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Study: SCOTUS is a melting pot of ideologies

The ideology of the justices of the U.S. Supreme Court has always been a topic of discussion and debate, and with hot-button issues before the Court like the health care law mandate, immigration and affirmative action, the chatter is louder than ever. But just where do the justices sit on the ideological scale?

According to a news study, the justices are not a band of judicial activists, as some accuse. Their diverse views largely mirror those of Americans, according to researchers.

“Despite its intentional isolation from popular pressure, the Court’s decisions are not out of line with public preferences,” write Stephen Jessee of the University of Texas and Neil Malhotra of Stanford University in the unpublished paper “Ideological Proximity and Support for the Supreme Court,” according to the Washington Post. “This contrasts with popular images of judges as rogue activists.”

According to the study, the Court’s most conservative justice is Justice Clarence Thomas, whose views lie to the right of 97 percent of Americans surveyed. Justice Antonin Scalia was second, with views that are more conservative than about 89 percent of Americans.

On the other end of the scale, retired Justice John Paul Stevens was seen as the most left-leaning jurist, with views that are more liberal than 85 percent of surveyed Americans. He just beat out Justice Ruth Bader Ginsburg, who is to the left of 83 percent of those surveyed.

Could Thomas be the presidential game changer?

With no clear frontrunner in the GOP presidential primary race, some are saying the contest could go all the way to the convention. And if no clear winner is chosen by the delegates on their first vote, support could be thrown behind an entirely new candidate, such as New Jersey Gov. Chris Christie, former Florida Gov. Jeb Bush or – Justice Clarence Thomas?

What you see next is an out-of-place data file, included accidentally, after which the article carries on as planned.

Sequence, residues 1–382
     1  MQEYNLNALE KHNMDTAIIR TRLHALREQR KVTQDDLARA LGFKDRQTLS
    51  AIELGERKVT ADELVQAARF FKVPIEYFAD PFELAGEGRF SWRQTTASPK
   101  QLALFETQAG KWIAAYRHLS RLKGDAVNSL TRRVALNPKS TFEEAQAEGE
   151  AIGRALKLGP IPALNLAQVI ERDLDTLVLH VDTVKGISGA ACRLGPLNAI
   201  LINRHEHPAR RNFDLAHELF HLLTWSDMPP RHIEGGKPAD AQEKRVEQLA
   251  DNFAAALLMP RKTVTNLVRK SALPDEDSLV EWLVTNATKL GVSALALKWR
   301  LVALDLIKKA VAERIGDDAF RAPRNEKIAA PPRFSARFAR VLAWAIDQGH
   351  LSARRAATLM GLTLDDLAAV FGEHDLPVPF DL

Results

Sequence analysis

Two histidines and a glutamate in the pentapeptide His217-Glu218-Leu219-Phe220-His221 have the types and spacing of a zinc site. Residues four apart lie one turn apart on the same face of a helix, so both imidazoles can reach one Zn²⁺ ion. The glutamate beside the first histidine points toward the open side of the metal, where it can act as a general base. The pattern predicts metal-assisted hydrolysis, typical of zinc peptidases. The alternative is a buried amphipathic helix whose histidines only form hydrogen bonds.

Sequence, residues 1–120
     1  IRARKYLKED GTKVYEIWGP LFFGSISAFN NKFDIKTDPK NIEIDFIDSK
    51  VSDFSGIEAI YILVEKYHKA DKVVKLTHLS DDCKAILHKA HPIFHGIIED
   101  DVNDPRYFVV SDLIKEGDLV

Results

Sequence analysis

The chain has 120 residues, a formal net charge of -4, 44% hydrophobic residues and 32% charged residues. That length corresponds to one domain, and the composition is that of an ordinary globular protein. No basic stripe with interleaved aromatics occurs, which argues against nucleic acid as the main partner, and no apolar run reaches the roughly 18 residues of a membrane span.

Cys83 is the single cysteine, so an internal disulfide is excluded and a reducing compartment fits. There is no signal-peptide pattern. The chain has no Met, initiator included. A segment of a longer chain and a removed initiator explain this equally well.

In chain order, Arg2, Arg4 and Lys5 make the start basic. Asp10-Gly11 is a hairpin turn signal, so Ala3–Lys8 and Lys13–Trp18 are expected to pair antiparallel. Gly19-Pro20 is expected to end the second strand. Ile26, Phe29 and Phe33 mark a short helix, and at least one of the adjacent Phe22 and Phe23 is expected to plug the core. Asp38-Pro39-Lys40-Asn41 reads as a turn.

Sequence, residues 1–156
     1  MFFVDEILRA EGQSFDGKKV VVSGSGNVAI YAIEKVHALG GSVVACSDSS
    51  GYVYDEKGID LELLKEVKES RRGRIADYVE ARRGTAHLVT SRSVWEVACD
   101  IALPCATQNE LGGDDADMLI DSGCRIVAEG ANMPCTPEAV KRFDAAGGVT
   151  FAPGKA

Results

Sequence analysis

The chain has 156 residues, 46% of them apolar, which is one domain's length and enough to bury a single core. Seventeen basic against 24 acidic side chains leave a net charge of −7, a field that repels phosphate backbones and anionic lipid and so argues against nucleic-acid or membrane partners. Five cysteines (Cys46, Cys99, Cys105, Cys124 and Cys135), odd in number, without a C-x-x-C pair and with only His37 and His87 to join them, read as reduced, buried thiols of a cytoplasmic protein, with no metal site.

That is a possible scenario, according to the Daily Beast’s  Adam Winker.

“Far-fetched?  Maybe,” Winkler writes. “But a Thomas candidacy would energize Republicans in a way that few other Republicans can and would steal tremendous media attention from President Barack Obama.”

Thomas’ strong Tea Party connection – his wife, Ginni, is a Tea Party supporter aligned with groups that advocate for the repeal of the health care law – could make the justice an attractive choice, Winkler suggests. So would his stance on environmental regulation, free markets and his own “up-by-his-bootstraps story of rising from incredible poverty,” he said.

Winkler noted that the idea of the Thomas presidency was first floated two years ago by legal bloggers David Lat and Kashmir Hill.

The Funniest Justice, week 9: Defining amusement

During oral arguments Tuesday in the case Taniguchi v. Kan Pacific Saipan, which considers whether translators are covered under a federal statute that awards costs of ‘compensation for interpreters’ to prevailing parties, the petitioner’s attorney pointed out that the responded relied upon a single dictionary: Webster’s Third.